As she sees it, her work is a conversation between herself and her imagination. “I don’t want to tell you what I meant by this painting because, to me, it’s like I’m putting the painting in a cage. Whenever you’re going to see it, you’re going to see it through your own eye, not through mine.”

Hayfa loves to work on her craft, but when the day is finished, she’s happy to set her paints aside, and not talk about brushstrokes into the night. She doesn’t mingle much with other artists at home, which Hayfa puts down to her shyness, but she hints that it’s hard to go to galleries because of who she is. Hayfa also seems to prefer the company of her family, she is plainly crazy about her children and Abdulaziz.

Not that her time as a wife and mother takes away from her dedication to her métier: she’s in her studio every day. She seems pretty disciplined about her schedule. Five days a week, after she’s helped get her children ready for school, she works. When they come home, she either goes with them to sports practice or she’ll do errands until Abdulaziz arrives back from his day. In the evening they’ll see friends and family or put on an episode of Sex in the City, one of her favorite TV series. She is a die-hard fan, to the extent she took the Sex in the City tour when she and Abdulaziz came to New York on their honeymoon in 2005.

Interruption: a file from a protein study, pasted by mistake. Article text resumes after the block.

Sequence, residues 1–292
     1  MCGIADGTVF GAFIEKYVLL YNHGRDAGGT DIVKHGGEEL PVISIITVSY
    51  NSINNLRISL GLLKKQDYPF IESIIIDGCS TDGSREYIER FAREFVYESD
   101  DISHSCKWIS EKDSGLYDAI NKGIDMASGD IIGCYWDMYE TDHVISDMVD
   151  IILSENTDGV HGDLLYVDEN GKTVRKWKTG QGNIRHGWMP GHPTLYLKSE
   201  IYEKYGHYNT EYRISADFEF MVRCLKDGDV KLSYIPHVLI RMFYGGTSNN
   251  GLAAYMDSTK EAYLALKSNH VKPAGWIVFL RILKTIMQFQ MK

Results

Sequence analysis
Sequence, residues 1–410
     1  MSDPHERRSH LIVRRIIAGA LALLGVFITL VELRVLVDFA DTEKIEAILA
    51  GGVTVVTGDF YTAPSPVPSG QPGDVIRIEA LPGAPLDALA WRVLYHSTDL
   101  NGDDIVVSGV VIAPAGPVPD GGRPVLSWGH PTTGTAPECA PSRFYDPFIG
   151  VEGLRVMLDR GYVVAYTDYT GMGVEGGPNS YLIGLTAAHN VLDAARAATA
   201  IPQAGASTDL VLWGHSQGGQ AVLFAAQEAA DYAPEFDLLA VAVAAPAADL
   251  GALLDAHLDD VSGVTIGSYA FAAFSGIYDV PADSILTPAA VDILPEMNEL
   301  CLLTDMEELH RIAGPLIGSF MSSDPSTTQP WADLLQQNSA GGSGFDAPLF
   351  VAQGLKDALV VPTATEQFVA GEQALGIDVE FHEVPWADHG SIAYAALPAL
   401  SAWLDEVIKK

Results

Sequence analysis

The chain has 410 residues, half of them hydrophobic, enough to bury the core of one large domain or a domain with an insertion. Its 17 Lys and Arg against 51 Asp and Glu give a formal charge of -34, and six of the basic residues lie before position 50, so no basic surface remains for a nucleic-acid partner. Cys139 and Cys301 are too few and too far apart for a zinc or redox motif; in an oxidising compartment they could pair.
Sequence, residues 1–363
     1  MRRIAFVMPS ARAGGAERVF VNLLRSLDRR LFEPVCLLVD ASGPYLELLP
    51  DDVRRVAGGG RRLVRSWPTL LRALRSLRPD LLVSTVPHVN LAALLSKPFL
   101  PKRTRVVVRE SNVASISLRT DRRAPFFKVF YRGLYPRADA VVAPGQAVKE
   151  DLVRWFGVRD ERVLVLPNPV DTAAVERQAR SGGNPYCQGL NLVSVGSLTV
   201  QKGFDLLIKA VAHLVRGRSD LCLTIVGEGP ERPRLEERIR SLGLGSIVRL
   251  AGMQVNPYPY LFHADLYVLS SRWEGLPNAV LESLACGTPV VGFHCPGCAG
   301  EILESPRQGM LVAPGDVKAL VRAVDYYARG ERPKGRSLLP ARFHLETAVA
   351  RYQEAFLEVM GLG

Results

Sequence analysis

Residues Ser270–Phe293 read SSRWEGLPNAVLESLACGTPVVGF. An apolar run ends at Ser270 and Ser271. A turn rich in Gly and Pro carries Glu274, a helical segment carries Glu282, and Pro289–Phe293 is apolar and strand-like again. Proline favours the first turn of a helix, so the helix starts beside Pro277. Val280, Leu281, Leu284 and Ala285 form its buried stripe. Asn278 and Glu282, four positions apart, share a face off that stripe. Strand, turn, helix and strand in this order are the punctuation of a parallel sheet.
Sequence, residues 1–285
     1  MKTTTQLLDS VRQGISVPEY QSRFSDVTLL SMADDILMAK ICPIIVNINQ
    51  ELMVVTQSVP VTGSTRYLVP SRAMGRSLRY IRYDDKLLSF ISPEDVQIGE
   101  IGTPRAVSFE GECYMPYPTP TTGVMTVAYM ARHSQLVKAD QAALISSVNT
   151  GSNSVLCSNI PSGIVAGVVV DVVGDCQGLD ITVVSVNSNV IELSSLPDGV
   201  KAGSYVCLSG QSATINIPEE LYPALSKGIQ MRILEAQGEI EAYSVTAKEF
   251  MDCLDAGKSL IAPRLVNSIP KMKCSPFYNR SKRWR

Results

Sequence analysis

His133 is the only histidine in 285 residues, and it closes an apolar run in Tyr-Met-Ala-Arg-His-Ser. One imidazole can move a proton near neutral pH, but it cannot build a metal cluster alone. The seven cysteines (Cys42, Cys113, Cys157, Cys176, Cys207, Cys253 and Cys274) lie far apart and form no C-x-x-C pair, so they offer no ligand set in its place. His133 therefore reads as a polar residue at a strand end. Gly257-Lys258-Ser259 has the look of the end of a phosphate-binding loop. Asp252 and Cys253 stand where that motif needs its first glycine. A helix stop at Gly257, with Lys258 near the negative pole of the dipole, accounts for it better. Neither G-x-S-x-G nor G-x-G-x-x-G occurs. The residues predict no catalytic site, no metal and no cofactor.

Having had a very fixed idea of what the city would be like from the show, she was terrified that the New York of her dreams might fall short of expectations.

Fortunately, Hayfa found New York far from disappointing: she and Aziz had a marvelous time zipping around the city in taxis (“I love yellow cabs,” she declares, “I feel like I’m in a movie.”), staying at the Four Seasons, going to Broadway shows and trying restaurants galore.